Arts Opinion: Popular artists must be liable for their crimes

Artist Daniel Hernandez, better known as Tekashi 6ix9ine, has been accused of a crime involving sex with a minor. Today, many musicians have been absolved of the guilt because of their fame (courtesy of creative commons).

Several artists in the entertainment industry have committed crimes which are seemingly kept under wraps as the stars are allowed to continue their careers. In many cases, the artists’ trials are not taken seriously enough, promoting their carefree actions.

Rapper Daniel Hernandez, or Tekashi 6ix9ine, was recently sentenced to four years of probation for sexual misconduct with a 13-year-old girl. He admitted in 2015 to making videos featuring the young girl and dispersing them online. 

After being charged under a “youthful offender” plea agreement, he could have avoided jail time by avoiding trouble, earning his GED and serving 300 hours of community service. Prosecutors believe Hernandez failed in his attempts considering his two arrests in 2018, according to The Rolling Stone.

During Hernandez’s trial, prosecutor Sara Weiss spoke of the gruesome details about the misconduct captured in the video taken of the teenage girl.

“She was in the seventh grade … And when it was over, the defendant made the choice to continue to exploit her for his own benefit,” Weiss said according to Vulture. “He put the videos on his social media, on his Instagram account and he disseminated them online for the whole world to see … He was describing himself as a ‘scumbag.”  

Pushing away from his rapper persona, which has projected an image of continued misbehavior, Hernandez made a statement during the trial that argued his good deeds outweighed the bad. 

“Your honor … sometimes I feel like I’m behind a closed door trying to convince the world I’m a good man,” Hernandez said according to Vulture. “I’m not Tekashi 6ix9ine. I’m not committing murders, I’m not out there robbing people, I’m not out there raping people.” 

Hernandez mentioned helping people in need, saying that a young brain cancer patient asked the Make a Wish foundation if he could meet the rapper.

 “Your honor, if I was such a bad person, if I was such a criminal, why would his last wish be to see me?” Hernandez asked Judge Felicia Mennin. Mennin apparently was swayed by the good deeds as she made her decision which was met with applause, according to Vulture.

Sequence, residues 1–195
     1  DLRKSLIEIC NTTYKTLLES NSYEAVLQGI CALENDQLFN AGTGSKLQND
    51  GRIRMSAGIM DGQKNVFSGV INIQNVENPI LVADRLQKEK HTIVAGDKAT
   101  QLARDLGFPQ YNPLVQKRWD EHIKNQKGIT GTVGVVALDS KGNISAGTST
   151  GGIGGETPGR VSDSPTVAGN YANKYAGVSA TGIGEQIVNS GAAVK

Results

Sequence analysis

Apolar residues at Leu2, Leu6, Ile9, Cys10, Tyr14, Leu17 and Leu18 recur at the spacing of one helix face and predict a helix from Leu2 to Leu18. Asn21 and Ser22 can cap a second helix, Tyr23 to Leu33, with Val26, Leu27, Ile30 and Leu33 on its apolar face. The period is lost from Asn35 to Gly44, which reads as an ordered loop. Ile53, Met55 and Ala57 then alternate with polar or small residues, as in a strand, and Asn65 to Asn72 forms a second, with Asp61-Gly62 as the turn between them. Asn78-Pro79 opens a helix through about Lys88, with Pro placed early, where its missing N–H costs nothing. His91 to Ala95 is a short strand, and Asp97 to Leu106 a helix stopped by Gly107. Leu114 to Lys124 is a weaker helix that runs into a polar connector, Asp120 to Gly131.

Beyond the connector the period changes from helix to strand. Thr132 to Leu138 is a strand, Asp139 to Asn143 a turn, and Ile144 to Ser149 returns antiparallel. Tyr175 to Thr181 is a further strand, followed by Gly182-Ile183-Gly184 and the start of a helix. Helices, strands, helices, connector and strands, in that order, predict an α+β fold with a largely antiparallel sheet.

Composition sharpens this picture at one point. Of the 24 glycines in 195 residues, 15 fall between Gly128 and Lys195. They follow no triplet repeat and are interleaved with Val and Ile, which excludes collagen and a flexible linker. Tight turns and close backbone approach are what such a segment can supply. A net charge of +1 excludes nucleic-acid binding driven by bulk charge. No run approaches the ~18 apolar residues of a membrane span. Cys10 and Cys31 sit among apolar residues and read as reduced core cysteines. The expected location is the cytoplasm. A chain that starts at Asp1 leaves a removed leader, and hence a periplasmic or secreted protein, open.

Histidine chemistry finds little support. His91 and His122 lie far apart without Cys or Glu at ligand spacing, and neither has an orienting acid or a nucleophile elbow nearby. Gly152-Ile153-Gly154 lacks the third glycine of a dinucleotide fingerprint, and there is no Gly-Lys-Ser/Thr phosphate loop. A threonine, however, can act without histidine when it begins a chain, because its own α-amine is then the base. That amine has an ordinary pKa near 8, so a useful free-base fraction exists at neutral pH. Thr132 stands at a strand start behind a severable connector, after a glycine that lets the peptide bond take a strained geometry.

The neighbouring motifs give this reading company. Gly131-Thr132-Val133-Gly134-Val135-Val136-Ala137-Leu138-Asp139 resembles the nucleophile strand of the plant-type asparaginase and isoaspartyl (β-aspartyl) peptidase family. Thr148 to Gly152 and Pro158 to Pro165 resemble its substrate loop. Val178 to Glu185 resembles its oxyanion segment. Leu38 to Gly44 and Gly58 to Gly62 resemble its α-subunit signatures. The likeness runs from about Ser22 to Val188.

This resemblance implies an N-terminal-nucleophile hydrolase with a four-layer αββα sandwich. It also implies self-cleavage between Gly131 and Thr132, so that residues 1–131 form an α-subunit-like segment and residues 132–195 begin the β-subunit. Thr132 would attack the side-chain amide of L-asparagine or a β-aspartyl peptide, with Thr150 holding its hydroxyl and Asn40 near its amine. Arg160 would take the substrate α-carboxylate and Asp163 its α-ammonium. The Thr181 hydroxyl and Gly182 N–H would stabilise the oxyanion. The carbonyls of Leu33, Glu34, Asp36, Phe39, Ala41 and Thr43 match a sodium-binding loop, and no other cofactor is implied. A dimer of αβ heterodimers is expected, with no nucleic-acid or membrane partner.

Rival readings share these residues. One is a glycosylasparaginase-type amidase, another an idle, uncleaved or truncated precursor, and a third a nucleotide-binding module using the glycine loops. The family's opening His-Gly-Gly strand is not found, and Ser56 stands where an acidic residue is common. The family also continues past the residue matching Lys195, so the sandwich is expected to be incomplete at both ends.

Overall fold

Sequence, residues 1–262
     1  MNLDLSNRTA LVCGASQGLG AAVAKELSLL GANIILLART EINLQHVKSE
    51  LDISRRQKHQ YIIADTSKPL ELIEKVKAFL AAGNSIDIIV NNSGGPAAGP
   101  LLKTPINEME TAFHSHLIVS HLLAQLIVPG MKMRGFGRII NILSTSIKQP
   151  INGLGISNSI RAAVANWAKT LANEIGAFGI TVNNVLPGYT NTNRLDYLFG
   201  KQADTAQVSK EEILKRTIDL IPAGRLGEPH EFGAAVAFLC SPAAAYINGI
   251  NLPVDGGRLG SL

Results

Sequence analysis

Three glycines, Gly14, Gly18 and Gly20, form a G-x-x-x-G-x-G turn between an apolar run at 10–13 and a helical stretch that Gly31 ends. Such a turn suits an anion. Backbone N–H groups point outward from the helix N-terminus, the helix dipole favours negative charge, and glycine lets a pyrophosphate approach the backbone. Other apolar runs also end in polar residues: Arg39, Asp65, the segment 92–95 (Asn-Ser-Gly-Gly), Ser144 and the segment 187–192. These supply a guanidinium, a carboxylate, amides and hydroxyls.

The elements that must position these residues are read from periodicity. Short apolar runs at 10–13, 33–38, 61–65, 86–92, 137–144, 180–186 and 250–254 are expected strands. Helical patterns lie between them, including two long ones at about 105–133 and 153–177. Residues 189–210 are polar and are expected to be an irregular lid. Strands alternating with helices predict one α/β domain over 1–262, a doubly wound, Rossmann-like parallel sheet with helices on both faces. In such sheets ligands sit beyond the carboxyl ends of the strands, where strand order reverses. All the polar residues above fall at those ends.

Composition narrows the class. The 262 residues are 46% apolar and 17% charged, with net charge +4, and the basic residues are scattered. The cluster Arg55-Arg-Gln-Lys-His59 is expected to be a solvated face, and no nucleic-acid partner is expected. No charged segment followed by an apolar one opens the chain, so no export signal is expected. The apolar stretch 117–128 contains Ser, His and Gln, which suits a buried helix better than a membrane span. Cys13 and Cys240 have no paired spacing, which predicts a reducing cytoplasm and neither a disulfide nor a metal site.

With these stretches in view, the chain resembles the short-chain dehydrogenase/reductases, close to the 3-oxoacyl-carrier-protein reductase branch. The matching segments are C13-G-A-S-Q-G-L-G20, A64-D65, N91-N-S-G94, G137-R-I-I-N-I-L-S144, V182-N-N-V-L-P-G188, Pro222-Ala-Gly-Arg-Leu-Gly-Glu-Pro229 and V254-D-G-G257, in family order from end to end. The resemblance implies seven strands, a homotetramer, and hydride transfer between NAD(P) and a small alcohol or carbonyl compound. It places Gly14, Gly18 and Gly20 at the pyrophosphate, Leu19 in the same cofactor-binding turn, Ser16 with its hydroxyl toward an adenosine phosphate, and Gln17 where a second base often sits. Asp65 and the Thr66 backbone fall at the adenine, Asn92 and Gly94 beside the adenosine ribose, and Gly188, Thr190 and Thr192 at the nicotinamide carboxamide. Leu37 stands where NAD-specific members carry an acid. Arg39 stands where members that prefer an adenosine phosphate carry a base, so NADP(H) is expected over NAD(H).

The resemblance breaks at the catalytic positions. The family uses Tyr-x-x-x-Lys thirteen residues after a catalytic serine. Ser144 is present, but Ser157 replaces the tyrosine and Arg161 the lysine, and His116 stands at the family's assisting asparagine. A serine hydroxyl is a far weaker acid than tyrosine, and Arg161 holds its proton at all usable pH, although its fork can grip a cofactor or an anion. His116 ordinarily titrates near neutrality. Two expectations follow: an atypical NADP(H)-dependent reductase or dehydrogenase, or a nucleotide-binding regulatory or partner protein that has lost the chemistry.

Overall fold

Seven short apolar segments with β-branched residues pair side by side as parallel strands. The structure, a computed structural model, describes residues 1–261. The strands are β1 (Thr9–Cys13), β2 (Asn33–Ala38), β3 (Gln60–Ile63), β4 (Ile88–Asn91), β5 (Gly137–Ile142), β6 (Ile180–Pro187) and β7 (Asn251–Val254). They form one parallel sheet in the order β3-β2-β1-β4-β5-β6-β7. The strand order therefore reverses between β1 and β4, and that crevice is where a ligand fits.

Although probation and community service are not a proper punishment for sexual misconduct, Hernandez’s situation is not unique in the music industry. 

Rapper and singer Jahseh Onfroy, known as XXXTentacion, faced accusations of violent crimes against his girlfriend before he was shot and killed in June. Onfroy was awaiting trial on the charges of aggravated battery of a pregnant woman, false imprisonment and witness tampering at the time of his death. He had pleaded not guilty to the charges against him, according to The Washington Post. 

Admitting to criminal acts through lyrics, whether honest or exaggerated, is a common occurrence in the rap industry. It has become increasingly difficult to separate the art and the artist. 

Many fans and music lovers are divided by the accusations or illegal actions of artists, making it more difficult to support the music they cannot help but appreciate. 

Artists who sing about abuse and murder are essentially using their platform of fame and large fan base to encourage individuals that violence is okay. After Hernandez’s sentencing, a shooting occurred during a celebration of his probation, according to ABC News.

The music industry’s audience should closely examine who they are providing a platform to. Many artists have redeemable qualities in their community involvement and the issues they discuss in their music, but that should not excuse them from being held accountable for crimes they have committed.